Feast of Saint Valentine.

Tomorrow is the feast of Saint Valentine in the Western Christian tradition, a day which commemorates his death, and often focuses on romantic relationships and notions of courtly love.

Valentine’s Day has become fraught with meaning and can be a day of both celebrating significant relationships based in love and a day of recognizing the lack or loss of such relationships as well as the companioning grief, loneliness, and pain. Whatever it is for you, I invite you to allow it to bring you into an awareness of conscious love and conscious relationships. Remember that we can choose to walk a path of conscious love and be in conscious relationship with ourself, other humans, living and non living ancestors or spiritual guides, God, non human creatures, animals, the earth, plants, and places.

Conscious love is at the root of Jesus’ teaching and conscious relationships are an embodied spiritual practice we can live out. In that aim, I find it interesting that the name “Valentine,” deriving from the Roman family name Valentinus which derived from the Latin word valens, means worthy, strong, and healthy. What an invitation to ponder.

As we enter the feast tomorrow, we can reflect on all of our relationships and especially those that are most meaningful to us. We can bring some consciousness to this aspect of our lives. We can ask ourselves how we might contribute to these relationships being worthy, strong and healthy. Perhaps you may even choose to commit to the following.

Worthy: I will do all that I can through words, actions and presence to honor and value those with whom I am in an important relationship. I will commit to bringing that which will give the relational energy exchange its best chance of being fit, safe and coherent.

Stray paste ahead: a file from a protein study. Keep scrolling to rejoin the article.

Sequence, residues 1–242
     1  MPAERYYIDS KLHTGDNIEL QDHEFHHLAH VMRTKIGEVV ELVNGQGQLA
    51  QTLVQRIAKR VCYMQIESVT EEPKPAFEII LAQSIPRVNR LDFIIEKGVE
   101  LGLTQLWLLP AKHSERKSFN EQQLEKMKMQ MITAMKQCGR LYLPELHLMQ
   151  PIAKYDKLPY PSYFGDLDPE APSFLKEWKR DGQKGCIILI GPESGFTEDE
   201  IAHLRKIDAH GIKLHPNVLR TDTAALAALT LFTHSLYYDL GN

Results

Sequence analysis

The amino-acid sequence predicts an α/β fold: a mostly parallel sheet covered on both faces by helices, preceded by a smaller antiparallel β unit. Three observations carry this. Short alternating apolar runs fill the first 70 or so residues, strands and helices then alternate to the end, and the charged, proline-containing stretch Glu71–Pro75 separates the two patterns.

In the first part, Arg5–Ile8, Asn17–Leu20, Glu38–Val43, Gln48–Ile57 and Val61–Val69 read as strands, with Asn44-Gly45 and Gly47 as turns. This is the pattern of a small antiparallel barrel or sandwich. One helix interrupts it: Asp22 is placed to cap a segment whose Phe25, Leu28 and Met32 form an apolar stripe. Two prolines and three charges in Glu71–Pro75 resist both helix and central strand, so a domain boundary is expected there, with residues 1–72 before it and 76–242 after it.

Strong: I will be an active agent of cultivating that which brings strength and steadiness to my relationships. I will work toward a well established foundation that is not easily disturbed or upset and can endure hardship and challenges.

Healthy: I will bring forth that which is beneficial to the physical, mental, emotional, spiritual well-being of my relationships. I will feed my relationships good nourishment through my words, actions, and presence.

If you didn’t get a chance you may even want to listen to this podcast about conscious relationships, you can find it here.

In Conscious Love,



Here most of the Readings from this week's pauses:

“Jesus invited us all to infuse our physical form with spiritual radiance. In the Gospel of John he said, "I have come to bring you life, and more abundantly... what I give will become a wellspring inside you, pouring out eternal life." In the Gospel of Matthew he taught that "the inner eye is the lamp of the body. If your eye is one, your whole body will be filled with light." The inner eye is the witness, pure consciousness, the silent atman beyond thought. From the atmic splendor, light pours into matter and transforms human physiology. Jesus as "Word made flesh" saw no distinction between spirit and matter.

Like the Buddha, Jesus did not come to be worshiped. He came as our Elder Brother to teach the Yogic/Shamanic processes that will transform his siblings into beings of glory just like him. At this moment in our history, the time is ripe for this evolutionary leap, raising humanity's collective vibration. Many feel the quickening.

Therefor, the greatest service one could perform for humanity is the practice of meditation, awakening the heart and opening its fountain of glory.”

— Alfred K. LaMotte

“We become what we love and who we love shapes what we become.

If we love things, we become a thing.

If we love nothing, we become nothing.

Imitation is not a literal mimicking of Christ; rather it means becoming the image of the beloved, an image disclosed through transformation.

This means we a